Found a Stradivarius?

~ Stradivari, Antonio 1644-1737, a famous Italian violin, viola and cello maker, often shortened to “Strad”.

So you’ve heaved open an ancient trunk at the very back of the garage, and discover a battered old violin case with a violin inside. You take the violin out and hold it up to the light, peering through the f-holes to see what the label says. And lo and behold, it says “Antonio Stradivarius”, or something of the sort.


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Does this mean you have an extremely valuable violin in your hands? Before you start jumping for joy, take a deep breath and read this:

Hundreds of thousands of factory violins made in the 19th and 20th centuries have fake Stradivarius labels glued inside them. Have another look at the label. Most of the 19th century copies don’t bother to mention a country of manufacture, but if it says, “Made in Germany” or “Made in Czechoslovakia” along the bottom, then you can be very certain it’s very definitely not a Strad.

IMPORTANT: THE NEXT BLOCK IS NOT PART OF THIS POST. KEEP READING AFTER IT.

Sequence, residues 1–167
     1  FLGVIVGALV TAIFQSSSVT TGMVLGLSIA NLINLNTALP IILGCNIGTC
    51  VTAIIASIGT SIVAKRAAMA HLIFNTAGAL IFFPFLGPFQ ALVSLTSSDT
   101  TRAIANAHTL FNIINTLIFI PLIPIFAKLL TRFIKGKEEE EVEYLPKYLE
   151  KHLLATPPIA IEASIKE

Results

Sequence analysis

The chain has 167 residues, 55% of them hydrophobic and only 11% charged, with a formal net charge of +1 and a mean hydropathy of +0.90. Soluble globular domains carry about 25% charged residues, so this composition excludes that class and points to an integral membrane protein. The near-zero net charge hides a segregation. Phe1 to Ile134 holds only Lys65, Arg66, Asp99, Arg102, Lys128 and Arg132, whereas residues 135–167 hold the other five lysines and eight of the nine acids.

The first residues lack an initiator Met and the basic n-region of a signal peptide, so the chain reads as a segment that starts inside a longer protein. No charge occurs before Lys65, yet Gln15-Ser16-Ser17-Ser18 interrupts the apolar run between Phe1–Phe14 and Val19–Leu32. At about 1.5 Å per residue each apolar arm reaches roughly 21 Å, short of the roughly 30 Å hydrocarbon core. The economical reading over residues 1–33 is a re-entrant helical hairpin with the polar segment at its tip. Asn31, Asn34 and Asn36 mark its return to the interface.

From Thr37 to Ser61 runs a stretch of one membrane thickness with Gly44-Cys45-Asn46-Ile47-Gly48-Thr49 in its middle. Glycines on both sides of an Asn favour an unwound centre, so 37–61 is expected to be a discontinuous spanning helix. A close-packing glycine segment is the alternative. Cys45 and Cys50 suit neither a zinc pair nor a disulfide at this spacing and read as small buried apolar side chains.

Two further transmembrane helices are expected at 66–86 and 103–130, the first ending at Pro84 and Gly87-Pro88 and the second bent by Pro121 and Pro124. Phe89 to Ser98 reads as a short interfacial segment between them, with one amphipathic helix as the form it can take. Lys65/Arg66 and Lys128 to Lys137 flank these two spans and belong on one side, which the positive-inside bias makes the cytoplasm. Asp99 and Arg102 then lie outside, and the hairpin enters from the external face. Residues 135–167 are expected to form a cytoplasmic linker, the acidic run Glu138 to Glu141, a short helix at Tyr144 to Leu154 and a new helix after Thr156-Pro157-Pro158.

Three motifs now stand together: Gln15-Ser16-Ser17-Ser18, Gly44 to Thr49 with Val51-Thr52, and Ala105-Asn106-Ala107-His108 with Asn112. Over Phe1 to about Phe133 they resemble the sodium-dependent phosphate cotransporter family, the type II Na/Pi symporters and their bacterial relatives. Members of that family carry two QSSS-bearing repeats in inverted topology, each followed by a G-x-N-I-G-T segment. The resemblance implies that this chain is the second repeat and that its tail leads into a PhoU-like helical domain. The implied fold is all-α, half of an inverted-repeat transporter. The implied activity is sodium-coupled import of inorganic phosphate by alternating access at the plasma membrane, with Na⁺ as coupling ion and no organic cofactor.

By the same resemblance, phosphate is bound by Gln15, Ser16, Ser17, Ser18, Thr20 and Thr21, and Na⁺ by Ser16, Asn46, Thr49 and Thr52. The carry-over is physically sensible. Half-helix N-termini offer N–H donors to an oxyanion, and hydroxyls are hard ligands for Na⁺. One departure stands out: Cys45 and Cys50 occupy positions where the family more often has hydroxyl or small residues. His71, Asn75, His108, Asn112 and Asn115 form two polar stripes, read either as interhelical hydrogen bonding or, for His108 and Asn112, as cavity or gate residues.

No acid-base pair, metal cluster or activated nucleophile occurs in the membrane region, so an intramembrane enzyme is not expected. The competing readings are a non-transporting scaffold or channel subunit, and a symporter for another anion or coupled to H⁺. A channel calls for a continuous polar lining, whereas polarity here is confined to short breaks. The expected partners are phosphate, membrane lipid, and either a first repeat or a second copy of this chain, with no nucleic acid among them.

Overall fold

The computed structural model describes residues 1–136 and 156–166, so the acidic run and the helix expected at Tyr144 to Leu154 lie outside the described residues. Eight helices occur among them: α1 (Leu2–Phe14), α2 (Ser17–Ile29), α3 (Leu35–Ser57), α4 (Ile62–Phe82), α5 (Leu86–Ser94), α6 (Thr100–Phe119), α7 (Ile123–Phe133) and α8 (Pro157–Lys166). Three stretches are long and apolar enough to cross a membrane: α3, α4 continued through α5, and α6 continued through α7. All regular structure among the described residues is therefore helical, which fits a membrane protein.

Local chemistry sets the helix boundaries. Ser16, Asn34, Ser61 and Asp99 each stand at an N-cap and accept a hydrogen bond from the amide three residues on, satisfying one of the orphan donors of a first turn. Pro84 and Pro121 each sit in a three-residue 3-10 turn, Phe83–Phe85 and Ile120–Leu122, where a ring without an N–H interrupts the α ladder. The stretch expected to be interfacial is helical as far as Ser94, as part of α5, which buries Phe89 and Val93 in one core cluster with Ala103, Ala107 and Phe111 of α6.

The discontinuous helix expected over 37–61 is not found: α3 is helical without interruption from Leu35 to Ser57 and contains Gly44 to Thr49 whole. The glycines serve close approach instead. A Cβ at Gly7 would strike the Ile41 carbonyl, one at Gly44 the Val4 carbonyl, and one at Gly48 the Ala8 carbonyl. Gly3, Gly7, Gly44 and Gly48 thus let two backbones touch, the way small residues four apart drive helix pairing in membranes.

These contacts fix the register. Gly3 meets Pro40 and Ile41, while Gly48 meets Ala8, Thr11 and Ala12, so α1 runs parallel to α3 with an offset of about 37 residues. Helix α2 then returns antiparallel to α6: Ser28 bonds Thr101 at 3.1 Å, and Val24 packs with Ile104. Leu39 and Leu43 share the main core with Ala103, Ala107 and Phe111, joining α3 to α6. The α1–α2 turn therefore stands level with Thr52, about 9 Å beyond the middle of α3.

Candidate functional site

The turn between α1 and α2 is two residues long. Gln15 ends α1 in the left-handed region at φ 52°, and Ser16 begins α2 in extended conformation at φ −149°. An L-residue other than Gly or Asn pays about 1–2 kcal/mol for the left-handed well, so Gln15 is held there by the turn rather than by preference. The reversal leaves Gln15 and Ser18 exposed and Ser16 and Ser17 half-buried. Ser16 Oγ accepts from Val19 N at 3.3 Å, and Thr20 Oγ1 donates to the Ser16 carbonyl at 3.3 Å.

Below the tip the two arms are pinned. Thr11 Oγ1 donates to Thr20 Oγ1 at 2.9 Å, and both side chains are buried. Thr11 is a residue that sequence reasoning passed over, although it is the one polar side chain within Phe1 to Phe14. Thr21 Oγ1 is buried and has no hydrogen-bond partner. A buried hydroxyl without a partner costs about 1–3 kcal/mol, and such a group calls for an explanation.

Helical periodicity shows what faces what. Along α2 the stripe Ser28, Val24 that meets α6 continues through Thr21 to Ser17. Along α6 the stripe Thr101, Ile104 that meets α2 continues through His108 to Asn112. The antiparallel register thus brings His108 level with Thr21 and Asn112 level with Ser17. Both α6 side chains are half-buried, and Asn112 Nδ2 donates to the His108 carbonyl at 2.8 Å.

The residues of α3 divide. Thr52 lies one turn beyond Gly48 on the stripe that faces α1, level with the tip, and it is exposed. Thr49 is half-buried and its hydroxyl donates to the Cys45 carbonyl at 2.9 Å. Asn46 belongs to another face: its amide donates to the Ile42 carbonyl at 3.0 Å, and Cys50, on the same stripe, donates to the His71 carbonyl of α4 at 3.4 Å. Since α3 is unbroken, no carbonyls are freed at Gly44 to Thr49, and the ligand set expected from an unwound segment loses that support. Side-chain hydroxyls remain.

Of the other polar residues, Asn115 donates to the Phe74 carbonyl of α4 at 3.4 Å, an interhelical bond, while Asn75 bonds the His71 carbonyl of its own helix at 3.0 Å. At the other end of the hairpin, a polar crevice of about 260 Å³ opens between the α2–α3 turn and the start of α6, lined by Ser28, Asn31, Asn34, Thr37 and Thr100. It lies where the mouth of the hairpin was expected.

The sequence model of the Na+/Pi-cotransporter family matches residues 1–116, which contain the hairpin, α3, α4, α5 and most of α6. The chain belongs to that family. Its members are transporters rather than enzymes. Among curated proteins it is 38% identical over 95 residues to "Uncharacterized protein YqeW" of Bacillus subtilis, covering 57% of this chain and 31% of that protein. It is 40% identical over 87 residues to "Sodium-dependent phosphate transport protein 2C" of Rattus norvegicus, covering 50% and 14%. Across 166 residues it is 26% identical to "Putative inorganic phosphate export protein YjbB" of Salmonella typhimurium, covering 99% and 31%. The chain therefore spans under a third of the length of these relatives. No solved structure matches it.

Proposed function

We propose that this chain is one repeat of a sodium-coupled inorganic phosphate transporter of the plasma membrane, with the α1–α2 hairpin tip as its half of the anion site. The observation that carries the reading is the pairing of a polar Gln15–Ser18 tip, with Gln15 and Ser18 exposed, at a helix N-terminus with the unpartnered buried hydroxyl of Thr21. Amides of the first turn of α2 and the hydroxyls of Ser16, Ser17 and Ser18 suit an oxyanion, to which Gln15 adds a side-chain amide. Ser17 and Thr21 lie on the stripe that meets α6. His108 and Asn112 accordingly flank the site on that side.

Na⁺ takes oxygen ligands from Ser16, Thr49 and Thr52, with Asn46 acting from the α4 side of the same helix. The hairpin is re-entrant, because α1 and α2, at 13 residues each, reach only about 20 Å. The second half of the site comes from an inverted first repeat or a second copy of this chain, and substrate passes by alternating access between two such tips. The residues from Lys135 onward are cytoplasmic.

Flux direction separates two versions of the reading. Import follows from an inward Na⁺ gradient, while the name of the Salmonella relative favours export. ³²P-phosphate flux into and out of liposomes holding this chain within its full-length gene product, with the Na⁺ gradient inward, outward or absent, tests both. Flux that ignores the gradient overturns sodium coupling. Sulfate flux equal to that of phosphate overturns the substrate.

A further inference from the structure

It doesn’t mean it’s not a good violin, though – fake Strad labels appear in all sorts of violins, from very basic student instruments to quite good quality ones.

If you’d like to know more about your violin, bring it in to show Cath Newhook at The Stringed Instrument Company Ltd, or take it to another reputable violin repairer or dealer. Even if the label means nothing, the style, workmanship and materials can all give clues as to where and when the instrument was made.

Immigrants brought a large number of violins to New Zealand during the 19th century and before the First World War, and many are still sitting forgotten in basements and garages.

Once in a while, one of them turns out to be very valuable – you never know! But do pour yourself a large mug of steaming-hot reality tea before you get your hopes up…

A picture containing indoor, cluttered, bowed instrument

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